Japan in Iraq: Goodbye troops, hello aid
TOKYO - A huge amount of Japanese aid money is in the pipeline for Iraq, especially for the war-torn country's oil and gas sectors, the country's main, almost only, sources of income.
Out of political consideration to its closest ally, the United States, Japan is eager to show its firm resolve to play a leading role in Iraqi reconstruction despite its recent troop withdrawal. But this is not the only reason for Tokyo's generosity toward Iraq. Energy-poor Japan also expects rewards in the form of a fair slice of Iraq's vast future oil exports.
Japan has completed the withdrawal of its troops from Iraq, ending the country's most dangerous overseas mission since the end of World War II. The final batch of about 280 soldiers stepped on Japanese soil again on Tuesday after arriving at Tokyo's Haneda airport from Kuwait
The troop pullout will allow the world's second-largest economy to do what it does best, cooperate in economic reconstruction.
Japan has earmarked US$3.5 billion in soft loans for Iraq, the bulk of which will be disbursed over the next one and a half years. It remains to be seen, of course, how smoothly Japanese-financed projects will proceed, as violence is still raging in Baghdad and other areas of Iraq.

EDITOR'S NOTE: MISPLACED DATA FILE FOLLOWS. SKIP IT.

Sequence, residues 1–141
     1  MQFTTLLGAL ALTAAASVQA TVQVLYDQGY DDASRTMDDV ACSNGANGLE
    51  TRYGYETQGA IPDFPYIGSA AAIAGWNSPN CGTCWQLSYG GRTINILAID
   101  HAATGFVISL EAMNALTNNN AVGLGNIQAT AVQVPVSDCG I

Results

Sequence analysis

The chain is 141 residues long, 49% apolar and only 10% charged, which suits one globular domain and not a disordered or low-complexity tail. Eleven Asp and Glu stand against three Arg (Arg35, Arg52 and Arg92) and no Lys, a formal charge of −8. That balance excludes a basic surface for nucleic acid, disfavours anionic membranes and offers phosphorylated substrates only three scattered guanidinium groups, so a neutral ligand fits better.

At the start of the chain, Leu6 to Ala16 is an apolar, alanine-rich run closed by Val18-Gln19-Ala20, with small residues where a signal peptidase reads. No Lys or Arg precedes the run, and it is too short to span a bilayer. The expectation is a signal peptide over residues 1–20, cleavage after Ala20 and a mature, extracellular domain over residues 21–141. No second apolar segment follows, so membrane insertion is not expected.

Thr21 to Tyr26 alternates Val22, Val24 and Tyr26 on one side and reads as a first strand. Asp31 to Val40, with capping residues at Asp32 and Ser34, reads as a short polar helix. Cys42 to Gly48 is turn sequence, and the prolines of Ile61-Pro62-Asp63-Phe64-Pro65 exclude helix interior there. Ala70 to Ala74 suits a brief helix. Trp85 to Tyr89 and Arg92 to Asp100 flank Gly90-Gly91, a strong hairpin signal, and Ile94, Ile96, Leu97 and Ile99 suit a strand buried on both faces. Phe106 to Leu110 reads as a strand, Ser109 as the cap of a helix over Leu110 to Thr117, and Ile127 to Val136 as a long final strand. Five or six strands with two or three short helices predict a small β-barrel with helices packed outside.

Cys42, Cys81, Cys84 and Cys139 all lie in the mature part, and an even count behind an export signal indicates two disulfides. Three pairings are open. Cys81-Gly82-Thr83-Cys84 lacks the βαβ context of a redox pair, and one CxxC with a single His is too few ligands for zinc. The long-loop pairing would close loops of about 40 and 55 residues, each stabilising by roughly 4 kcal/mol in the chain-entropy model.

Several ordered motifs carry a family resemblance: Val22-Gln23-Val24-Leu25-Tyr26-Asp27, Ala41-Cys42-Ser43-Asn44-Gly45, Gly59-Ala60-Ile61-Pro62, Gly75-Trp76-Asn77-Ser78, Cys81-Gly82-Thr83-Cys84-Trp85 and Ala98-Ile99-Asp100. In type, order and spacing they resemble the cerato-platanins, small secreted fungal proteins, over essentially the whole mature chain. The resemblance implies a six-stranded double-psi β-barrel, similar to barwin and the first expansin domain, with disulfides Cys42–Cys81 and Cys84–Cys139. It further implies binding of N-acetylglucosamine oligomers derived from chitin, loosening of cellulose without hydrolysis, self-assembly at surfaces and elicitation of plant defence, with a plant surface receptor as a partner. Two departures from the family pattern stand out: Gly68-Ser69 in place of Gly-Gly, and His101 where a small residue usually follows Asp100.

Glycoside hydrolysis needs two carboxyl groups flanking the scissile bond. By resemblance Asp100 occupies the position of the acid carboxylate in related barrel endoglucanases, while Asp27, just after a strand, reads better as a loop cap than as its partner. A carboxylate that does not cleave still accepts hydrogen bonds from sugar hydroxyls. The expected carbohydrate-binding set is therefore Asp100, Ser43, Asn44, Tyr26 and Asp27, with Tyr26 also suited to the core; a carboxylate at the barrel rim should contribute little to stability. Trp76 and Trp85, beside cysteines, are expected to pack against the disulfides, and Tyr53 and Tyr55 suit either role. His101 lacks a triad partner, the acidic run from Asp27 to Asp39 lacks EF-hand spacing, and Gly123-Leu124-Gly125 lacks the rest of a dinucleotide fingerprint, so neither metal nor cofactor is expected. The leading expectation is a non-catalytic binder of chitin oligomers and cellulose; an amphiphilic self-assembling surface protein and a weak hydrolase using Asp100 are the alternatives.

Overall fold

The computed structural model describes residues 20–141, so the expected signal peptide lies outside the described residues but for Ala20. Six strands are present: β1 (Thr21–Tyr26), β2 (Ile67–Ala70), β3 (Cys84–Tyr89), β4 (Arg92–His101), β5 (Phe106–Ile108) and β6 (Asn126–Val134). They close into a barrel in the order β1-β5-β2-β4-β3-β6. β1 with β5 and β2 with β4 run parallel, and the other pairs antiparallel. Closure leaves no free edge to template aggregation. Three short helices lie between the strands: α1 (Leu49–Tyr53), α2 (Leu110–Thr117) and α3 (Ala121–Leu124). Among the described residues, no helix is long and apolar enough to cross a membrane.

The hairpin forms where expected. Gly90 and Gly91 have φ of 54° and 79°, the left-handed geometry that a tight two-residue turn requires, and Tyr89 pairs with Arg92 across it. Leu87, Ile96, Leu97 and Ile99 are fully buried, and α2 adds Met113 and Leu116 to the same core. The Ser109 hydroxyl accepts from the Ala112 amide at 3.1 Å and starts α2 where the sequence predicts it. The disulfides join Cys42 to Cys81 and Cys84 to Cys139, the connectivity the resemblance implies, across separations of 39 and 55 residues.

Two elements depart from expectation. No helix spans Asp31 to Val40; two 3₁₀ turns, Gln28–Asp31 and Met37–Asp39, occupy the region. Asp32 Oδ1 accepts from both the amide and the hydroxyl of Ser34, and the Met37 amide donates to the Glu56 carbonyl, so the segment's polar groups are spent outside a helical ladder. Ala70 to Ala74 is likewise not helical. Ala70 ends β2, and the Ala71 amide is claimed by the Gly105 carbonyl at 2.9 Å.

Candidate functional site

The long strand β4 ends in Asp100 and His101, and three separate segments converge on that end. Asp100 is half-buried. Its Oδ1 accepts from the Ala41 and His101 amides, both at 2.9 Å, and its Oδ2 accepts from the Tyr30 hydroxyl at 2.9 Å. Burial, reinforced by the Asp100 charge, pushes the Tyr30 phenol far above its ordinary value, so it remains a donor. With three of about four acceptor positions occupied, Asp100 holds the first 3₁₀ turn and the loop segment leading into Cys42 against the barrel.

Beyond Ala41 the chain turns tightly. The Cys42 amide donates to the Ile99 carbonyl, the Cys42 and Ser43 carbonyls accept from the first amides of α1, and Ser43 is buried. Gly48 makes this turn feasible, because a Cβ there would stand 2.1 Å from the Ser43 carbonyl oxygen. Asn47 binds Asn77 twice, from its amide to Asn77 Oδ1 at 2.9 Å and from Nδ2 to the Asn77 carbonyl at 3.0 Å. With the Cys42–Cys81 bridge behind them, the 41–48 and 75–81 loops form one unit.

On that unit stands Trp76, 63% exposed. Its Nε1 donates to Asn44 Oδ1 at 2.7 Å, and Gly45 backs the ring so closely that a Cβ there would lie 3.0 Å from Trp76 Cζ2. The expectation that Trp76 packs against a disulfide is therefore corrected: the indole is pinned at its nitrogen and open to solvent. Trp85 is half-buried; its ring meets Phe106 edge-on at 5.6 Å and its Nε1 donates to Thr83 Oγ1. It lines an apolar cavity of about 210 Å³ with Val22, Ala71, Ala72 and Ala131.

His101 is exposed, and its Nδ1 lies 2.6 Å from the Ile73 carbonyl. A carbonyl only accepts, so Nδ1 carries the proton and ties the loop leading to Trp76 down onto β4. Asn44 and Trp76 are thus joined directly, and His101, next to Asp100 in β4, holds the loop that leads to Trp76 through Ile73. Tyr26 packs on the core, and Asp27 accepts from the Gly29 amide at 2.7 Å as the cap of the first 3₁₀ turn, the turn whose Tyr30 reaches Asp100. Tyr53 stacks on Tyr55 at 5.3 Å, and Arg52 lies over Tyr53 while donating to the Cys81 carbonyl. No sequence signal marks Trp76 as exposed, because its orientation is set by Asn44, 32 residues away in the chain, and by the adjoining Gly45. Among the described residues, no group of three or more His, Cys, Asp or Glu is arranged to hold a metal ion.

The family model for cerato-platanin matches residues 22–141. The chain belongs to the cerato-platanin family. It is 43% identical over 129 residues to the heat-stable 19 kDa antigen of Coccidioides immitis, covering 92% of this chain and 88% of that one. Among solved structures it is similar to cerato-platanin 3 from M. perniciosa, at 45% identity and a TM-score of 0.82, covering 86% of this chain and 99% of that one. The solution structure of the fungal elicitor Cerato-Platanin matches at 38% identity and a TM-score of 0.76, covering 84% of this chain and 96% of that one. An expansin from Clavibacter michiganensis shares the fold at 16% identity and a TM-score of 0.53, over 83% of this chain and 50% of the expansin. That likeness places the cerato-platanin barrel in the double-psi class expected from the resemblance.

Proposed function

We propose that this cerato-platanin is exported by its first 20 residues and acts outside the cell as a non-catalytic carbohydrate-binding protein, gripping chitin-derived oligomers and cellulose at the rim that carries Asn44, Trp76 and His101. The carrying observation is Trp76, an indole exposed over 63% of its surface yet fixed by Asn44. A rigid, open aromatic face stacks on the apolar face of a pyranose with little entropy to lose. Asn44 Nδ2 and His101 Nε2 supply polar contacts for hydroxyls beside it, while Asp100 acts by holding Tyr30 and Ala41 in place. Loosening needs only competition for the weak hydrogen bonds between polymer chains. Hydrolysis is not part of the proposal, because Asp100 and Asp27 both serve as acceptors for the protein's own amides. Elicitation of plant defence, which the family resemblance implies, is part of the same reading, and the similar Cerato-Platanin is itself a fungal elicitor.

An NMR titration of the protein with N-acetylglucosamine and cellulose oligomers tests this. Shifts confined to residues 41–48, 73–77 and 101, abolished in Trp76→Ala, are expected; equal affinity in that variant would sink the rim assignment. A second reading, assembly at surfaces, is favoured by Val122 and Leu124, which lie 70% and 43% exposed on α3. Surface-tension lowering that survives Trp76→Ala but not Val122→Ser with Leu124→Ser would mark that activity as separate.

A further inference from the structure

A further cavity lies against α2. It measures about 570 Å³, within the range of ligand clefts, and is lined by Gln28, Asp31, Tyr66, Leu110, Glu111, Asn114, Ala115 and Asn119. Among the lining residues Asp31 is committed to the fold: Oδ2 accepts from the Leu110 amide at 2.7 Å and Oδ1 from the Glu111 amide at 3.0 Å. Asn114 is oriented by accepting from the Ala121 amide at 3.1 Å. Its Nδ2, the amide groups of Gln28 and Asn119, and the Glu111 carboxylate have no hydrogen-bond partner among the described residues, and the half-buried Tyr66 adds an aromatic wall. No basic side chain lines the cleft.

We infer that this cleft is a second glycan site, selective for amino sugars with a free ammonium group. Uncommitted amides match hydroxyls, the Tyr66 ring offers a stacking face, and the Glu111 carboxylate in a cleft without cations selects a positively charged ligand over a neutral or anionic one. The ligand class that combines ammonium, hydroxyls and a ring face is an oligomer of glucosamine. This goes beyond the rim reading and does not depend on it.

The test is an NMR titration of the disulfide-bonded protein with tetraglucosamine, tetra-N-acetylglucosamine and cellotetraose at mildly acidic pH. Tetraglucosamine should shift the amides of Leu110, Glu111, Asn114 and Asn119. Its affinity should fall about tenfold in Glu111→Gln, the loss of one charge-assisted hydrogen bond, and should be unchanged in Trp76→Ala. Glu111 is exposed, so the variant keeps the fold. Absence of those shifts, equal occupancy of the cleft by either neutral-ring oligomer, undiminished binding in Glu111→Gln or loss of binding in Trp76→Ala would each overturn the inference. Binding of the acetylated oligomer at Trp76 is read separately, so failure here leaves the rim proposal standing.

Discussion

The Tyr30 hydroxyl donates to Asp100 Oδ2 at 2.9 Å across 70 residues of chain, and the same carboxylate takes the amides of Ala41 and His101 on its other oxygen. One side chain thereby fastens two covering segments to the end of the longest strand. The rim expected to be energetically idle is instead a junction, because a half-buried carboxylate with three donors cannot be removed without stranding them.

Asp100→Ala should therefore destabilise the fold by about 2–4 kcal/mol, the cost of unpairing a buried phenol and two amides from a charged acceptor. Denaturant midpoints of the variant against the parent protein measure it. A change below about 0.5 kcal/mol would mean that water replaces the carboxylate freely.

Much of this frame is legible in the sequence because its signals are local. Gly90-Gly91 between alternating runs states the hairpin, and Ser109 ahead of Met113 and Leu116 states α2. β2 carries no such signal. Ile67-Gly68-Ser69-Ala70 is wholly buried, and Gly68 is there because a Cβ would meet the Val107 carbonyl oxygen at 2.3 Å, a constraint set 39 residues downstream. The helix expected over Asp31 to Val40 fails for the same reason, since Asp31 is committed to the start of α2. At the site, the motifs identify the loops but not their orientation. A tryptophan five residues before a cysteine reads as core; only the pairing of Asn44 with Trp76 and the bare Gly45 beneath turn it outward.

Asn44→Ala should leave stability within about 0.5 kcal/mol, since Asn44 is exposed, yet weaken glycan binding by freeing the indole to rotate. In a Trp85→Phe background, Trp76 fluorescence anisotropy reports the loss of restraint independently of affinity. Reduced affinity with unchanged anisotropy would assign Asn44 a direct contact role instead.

Prime Minister Junichiro Koizumi has been one of the most consistent supporters of US President George W Bush's "war on terror" and the Iraq war. Although Japan's post-World War II pacifist constitution imposes strict restrictions on military activities abroad, the Koizumi government has enacted two controversial laws to enable the country to assist US-led military operations in Afghanistan and Iraq.
Japan's decision to pull out some 600 non-combat ground troops, deployed in the southern Iraqi city of Samawah since early 2004 on a humanitarian and reconstruction mission, was made a day after Iraqi Prime Minister Nuri al-Maliki announced the handover of security responsibility in the southern province of Muthanna, of which Samawah is the capital, from British forces to Iraqi ones. The transfer of security authority was the major factor behind Tokyo's decision to pull out.